The latest spate of anti-gun hysteria has spawned renewed interest in magic guns that only work in the hands of good people. The trouble is—with one little-known exception—those guns don’t exist.
In December 2012, a maniac murdered his mother then slaughtered 20 young children plus a half-dozen unarmed adults who were powerless to stop him, at the Sandy Hook Elementary School in Newtown, Connecticut. The incident gave our recently reelected president leverage to begin a powerful campaign to severely restrict gun ownership by law-abiding citizens, a plan he was well known to have advocated but conspicuously stepped away from during his first term of office. The result was a carefully coordinated blitz of draconian gun-banning legislation at the national, state and even community level.
One of the points raised by those who wanted to ban guns was that society should look to “smart guns,” firearms that would only fire in the hands of good people and never in the hands of bad ones. The smart-gun issue has been around for a long time and, for the most part, has been bogus from the beginning.
In American industry and business, the term “vaporware” has long been common parlance. It means that someone is trying to sell you something that does not exist. Scientists and realists know that there is no such thing as magic, and right now magic is about what it would take to convince them otherwise.
Item: A major manufacturer invests big bucks in smart-gun technology and calls a press conference to show the world that it has changed the paradigm. Problem: When the gun-company executive in the role of the good guy goes to shoot the gun, it doesn’t work. His and his company’s response boils down to something like, “Um, ah, well, it worked in rehearsal.” The moment remains an iconic memory in the firearms industry.
Item: It is suggested by the anti-gunners that devices could be created that would enable only the person wearing the enabling device to reliably fire the weapon. It is pointed out that (A) while it’s a nice theory, as is traveling to distant galaxies, the technology does not yet exist; (B) the magic waves that allow the gun to operate for the good guys can be blocked by the bad guys, with the same technology techno-geeks now use to defeat police radar at speed traps; and (C) if good guy #2 has to pick up good guy #1’s dropped gun to save his life, the gun won’t work. Those who propose the nonexistent technology sniff imperiously and call those who oppose them obstructionists.
Item: It is proposed that biometric fingerprint-recognition technology could be used to make guns that would only fire for “imprinted owners.” Problems arise: (A) If viscous blood is on the hand of the already injured owner, it can fill the grooves between the ridges of the fingerprints, and the fingerprint will become unreadable. (B) Dirt on the hands can likewise obscure fingerprints to the automatic reader. You have pushed yourself up from the mud after the attacker with the baseball bat knocked you down at the opening of his assault. Your fingerprints are now unreadable to the only thing that can save your life. (C) The current state of the art of biometrics is that some people, for whatever reasons, simply are not compatible with the concept. Hospitals using biometric access to control drugs can tell you that some of their doctors and nurses simply cannot open the biometrically controlled cabinets. In one test of a biometric fingerprint-recognition gun safe, by a couple who were both state and regional champion-level shooters, it was discovered that while the safe would usually recognize the male’s hand if conditions were perfect, it would as often as not fail to recognize the female’s “registered,” authorized hand. (D) From Alaska to Florida, in the chilliest winter months, people sometimes wear gloves. When they are unexpectedly attacked with lethal force and must instantly defend themselves, they won’t have time to take off the gloves they are wearing, which of course will block their fingerprints.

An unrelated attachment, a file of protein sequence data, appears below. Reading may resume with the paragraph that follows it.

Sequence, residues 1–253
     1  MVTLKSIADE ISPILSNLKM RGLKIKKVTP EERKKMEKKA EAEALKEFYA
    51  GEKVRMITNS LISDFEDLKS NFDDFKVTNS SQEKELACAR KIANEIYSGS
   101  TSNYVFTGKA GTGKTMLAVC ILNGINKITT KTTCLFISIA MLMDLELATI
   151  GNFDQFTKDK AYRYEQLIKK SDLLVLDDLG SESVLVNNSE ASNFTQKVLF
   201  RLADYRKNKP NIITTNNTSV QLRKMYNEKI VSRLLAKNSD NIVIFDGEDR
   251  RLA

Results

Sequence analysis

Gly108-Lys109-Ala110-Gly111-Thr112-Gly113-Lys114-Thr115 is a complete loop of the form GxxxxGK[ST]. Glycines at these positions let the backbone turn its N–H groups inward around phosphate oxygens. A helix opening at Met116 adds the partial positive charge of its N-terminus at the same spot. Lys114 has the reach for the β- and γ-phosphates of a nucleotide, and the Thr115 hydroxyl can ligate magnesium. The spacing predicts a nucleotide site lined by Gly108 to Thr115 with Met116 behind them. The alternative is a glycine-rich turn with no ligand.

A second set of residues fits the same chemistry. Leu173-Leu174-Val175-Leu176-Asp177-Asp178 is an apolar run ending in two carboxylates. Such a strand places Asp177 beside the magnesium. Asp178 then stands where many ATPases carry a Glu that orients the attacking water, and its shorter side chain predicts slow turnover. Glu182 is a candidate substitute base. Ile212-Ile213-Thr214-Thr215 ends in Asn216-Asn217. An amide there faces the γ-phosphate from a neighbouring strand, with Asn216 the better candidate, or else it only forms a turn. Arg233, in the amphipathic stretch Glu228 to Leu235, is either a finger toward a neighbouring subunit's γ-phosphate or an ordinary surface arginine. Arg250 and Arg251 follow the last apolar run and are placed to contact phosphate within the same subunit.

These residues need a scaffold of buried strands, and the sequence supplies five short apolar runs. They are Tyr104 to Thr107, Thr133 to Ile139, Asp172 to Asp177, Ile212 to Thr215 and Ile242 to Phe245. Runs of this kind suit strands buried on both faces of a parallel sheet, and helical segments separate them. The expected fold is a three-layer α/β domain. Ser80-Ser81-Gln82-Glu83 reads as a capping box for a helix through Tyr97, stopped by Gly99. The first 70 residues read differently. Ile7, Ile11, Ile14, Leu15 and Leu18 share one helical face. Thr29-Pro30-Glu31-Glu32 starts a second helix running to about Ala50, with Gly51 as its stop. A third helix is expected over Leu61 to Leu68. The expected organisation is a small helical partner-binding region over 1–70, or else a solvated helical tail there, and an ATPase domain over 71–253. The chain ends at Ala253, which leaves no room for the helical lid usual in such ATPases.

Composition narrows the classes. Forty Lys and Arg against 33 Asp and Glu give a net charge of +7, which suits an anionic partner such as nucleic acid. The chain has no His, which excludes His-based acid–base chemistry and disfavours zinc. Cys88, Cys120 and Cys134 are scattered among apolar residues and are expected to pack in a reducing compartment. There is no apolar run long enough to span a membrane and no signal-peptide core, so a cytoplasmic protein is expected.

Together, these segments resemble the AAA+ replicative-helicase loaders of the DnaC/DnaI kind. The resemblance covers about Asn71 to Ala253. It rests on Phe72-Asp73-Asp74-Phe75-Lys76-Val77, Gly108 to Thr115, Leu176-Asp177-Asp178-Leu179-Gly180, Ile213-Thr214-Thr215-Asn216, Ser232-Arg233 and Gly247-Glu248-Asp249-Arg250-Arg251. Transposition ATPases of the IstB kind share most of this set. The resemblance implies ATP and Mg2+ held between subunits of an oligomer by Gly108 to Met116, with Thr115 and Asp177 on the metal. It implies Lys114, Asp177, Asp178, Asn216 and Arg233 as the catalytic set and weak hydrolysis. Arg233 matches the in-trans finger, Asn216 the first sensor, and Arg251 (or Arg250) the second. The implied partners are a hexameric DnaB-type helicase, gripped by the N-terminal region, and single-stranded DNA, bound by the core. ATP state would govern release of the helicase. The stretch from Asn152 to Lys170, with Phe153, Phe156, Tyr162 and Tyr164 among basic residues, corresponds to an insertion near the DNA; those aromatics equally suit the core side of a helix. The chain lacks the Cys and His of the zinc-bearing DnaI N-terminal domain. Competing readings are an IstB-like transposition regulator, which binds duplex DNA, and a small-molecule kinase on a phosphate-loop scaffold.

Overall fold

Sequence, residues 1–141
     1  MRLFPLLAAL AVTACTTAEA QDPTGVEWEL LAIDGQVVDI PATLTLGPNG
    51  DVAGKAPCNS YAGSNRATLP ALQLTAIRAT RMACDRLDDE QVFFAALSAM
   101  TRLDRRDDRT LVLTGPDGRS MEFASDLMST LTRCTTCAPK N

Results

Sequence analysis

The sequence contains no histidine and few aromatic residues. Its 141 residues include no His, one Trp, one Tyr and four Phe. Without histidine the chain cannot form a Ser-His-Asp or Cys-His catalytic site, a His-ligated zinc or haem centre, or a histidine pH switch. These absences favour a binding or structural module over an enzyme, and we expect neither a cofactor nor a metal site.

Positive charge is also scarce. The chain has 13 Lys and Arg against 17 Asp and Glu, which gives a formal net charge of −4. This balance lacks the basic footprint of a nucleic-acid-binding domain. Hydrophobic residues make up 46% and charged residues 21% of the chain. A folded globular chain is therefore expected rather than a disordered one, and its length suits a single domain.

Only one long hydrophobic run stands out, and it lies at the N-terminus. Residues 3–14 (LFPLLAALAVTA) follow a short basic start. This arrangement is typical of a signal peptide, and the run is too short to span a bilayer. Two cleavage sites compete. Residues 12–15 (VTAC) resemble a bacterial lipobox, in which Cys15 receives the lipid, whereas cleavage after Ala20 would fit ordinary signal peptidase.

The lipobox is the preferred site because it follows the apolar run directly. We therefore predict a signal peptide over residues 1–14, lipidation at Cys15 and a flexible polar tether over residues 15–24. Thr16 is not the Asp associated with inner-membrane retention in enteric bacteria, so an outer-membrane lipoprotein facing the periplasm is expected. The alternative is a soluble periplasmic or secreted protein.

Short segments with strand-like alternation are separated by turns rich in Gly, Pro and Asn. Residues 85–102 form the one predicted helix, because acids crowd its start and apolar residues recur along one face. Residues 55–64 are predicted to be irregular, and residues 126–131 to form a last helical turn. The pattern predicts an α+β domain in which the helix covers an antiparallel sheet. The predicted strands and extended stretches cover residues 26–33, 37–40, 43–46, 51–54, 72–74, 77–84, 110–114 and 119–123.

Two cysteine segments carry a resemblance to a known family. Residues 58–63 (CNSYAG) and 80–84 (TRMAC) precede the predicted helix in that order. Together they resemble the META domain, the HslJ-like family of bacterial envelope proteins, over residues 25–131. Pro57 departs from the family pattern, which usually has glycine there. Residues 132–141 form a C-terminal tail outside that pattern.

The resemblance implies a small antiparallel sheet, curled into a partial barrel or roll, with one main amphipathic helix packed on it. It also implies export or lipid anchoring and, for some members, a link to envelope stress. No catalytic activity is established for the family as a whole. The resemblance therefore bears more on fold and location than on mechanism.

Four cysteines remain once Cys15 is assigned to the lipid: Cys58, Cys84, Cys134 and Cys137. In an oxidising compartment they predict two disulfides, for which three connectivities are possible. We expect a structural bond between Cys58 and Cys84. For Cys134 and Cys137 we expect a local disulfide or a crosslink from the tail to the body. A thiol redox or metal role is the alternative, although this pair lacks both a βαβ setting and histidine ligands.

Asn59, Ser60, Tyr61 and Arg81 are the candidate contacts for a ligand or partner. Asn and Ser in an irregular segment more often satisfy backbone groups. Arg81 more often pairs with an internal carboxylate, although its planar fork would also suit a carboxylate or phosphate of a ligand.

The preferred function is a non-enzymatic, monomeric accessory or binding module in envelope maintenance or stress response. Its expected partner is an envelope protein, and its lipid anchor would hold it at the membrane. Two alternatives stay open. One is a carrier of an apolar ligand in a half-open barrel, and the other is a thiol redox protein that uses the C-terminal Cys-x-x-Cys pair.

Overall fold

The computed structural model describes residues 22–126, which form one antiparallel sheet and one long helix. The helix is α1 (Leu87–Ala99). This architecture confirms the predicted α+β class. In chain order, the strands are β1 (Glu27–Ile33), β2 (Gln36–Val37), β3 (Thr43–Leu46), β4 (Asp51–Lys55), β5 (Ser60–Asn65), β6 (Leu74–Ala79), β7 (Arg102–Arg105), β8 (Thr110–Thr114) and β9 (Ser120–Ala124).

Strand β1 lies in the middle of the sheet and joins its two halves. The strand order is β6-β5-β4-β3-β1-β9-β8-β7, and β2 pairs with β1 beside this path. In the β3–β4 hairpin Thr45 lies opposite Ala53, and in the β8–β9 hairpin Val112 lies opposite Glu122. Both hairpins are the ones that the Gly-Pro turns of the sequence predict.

If the issue were electricity, lawmakers would want to hear from the engineers who actually generate and work with that power. If the issue were automobile safety, lawmakers would want to hear from the auto industry. In this discussion, the issue is what can and cannot work in a firearm, and logic demands that the firearms manufacturers and designers be heard from.
More than a decade ago, Steve Friess wrote an article titled, “NRA: Smart Guns Are Plain Stupid.” He quoted Robert Stutler, a highly qualified gun expert who was then the general manager of Ruger: “Nothing has been devised yet that is fully reliable. They’re really just concepts now.” Friess noted that “personalized weapon recognition systems” were being studied by Smith & Wesson, FN Manufacturing and Taurus International. More than a decade later, none of that work has come to fruition.